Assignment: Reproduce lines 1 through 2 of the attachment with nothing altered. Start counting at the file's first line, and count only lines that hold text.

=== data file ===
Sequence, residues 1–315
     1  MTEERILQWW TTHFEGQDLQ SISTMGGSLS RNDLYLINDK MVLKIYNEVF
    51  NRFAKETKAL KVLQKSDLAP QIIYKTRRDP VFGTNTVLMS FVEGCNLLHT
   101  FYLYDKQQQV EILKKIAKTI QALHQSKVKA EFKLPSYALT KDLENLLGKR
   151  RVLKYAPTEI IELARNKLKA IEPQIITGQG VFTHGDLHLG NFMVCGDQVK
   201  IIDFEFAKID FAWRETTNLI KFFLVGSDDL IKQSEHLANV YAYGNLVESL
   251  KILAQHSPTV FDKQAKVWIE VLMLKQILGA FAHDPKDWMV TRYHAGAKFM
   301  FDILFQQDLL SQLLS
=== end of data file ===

Sequence, residues 1–315
     1  MTEERILQWW TTHFEGQDLQ SISTMGGSLS RNDLYLINDK MVLKIYNEVF